A trend forecaster foresees a solution to the loneliness of this hyperconnected world.
Sloane Jacobsen, “soothsayer of the swipe,” is a hugely successful trend forecaster, having been the one to predict the now-ubiquitous thumb-to-phone motion. She is the “uber anti-mom,” believing that having children is shortsighted in a world where people have been becoming ever more self-centered. For this reason, she has been hired as a consultant by Mammoth, a tech company focusing on consumer electronics and “human-machine integration technology,” to help them prepare for a three-day summit bringing together tastemakers from around the world to consider the theme of “ReProduction”: “What will we make when we stop making kids?” Flying from Paris, where she has been living since the death of her father many years before, to New York brings her closer to her estranged family, and something is nagging at her soothsaying abilities. Very much against the wishes of Mammoth, she cannot help put predict a return to human touch, a “turning against tech.” This is also in direct opposition to the beliefs of her life partner, Roman, a neo-sensualist who has his own prediction: that nonpenetrative, nontactile sex—i.e. a sex life lived online—is the future of sexuality. He has begun, more and more, to wear a Zentai suit, which covers his entire body in a thin layer of Lycra and fetishizes detachment by making true skin-to-skin touch impossible. This discord allows Sloane the space to fall for another Mammoth employee who agrees with her about the return of physical contact and demonstrates his support corporeally. It also allows her to reconnect with her family. While the novel is highly engaging in its representation of the confusing and addictive tech-oriented world we live in, the outcome is predictable and obvious and made more quixotic by a last-ditch dive into the mystical. The exploration Maum (I Am Having So Much Fun Here Without You, 2014, etc.) is conducting in this book, of human vs. machine, is best served not in the overreaching discussion of global trends but in the more nuanced moments in which Sloane aches to sort out her own feelings.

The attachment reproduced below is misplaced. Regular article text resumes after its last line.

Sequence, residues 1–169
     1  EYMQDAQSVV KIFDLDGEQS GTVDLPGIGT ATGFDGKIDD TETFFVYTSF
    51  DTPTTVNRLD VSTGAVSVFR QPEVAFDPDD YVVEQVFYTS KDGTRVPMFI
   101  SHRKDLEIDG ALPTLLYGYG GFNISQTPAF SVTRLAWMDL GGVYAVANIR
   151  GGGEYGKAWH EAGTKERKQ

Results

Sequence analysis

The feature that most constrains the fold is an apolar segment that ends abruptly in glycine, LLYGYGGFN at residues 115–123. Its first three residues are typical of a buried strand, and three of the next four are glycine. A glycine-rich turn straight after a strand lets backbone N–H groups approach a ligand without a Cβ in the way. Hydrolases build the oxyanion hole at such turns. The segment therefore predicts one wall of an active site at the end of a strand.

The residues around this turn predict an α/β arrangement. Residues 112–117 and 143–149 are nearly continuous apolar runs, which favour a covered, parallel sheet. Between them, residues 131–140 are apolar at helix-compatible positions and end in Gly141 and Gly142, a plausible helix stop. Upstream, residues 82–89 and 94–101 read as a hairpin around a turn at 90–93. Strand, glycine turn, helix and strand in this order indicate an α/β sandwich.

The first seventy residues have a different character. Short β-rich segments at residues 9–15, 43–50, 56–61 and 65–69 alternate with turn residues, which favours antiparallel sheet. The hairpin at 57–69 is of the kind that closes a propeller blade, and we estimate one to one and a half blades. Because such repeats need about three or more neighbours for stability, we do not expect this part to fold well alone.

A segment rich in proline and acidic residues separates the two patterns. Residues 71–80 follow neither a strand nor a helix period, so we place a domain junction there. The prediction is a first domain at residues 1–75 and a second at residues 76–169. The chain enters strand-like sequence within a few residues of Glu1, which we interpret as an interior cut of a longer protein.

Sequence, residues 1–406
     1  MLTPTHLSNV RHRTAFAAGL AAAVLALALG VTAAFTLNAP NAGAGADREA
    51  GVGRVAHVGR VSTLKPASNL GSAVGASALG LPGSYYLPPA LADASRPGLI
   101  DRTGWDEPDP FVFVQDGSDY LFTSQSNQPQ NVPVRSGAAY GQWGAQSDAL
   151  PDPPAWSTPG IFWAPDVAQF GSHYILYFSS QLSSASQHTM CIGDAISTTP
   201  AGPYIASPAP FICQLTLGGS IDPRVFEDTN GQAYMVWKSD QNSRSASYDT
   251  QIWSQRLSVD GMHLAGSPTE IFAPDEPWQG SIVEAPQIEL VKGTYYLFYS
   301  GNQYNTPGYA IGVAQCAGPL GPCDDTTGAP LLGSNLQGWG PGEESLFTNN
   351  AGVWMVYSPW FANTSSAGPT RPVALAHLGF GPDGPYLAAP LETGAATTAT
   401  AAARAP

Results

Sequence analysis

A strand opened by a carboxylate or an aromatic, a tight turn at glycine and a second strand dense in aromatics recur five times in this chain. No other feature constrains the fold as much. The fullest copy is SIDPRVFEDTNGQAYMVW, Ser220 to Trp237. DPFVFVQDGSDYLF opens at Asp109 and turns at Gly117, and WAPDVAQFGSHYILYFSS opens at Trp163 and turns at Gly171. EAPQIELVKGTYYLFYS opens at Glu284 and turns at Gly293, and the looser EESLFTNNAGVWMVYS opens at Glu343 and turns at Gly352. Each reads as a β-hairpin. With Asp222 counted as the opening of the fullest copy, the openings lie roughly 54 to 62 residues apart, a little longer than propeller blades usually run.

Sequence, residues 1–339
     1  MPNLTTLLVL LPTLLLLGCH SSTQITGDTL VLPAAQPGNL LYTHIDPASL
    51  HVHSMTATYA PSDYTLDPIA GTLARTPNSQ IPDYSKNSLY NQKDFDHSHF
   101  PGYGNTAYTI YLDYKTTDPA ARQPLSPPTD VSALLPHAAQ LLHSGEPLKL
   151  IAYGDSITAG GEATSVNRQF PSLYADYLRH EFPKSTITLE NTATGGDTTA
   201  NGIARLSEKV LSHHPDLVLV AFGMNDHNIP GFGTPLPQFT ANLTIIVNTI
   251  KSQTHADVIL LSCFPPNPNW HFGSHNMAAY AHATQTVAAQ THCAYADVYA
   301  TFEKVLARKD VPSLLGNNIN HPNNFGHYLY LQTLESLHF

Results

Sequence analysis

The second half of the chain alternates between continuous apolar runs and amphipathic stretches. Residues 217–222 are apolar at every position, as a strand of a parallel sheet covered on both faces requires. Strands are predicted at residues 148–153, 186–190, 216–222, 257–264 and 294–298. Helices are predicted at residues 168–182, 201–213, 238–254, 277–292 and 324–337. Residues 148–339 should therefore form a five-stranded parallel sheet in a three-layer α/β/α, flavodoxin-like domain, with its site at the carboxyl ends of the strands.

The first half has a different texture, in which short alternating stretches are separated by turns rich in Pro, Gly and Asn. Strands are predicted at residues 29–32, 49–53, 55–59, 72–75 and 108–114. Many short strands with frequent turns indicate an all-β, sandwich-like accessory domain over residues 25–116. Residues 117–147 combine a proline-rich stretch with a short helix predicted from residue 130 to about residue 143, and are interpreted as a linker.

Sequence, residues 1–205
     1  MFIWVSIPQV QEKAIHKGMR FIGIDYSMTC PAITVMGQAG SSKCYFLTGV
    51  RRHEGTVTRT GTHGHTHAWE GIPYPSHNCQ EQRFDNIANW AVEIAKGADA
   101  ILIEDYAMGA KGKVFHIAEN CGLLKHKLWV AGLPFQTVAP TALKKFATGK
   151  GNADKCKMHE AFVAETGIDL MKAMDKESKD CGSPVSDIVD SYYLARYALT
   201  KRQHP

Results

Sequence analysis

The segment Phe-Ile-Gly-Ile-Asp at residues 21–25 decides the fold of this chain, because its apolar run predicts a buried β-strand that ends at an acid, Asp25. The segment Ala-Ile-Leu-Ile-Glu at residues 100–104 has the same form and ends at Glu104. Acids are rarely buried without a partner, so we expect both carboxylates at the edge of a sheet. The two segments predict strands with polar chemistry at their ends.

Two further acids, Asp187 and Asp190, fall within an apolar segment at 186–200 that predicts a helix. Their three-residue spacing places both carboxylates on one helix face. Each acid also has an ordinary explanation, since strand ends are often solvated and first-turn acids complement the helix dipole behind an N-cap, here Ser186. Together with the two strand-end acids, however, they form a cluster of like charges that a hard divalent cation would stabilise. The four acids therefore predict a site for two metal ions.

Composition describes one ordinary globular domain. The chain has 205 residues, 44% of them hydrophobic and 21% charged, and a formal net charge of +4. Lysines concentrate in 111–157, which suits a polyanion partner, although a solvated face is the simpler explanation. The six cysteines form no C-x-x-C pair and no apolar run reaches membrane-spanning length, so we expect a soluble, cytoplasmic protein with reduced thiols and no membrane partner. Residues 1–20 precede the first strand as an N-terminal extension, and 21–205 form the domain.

An uncomplicated novel about the complicated relationship between humans and the tech-heavy world.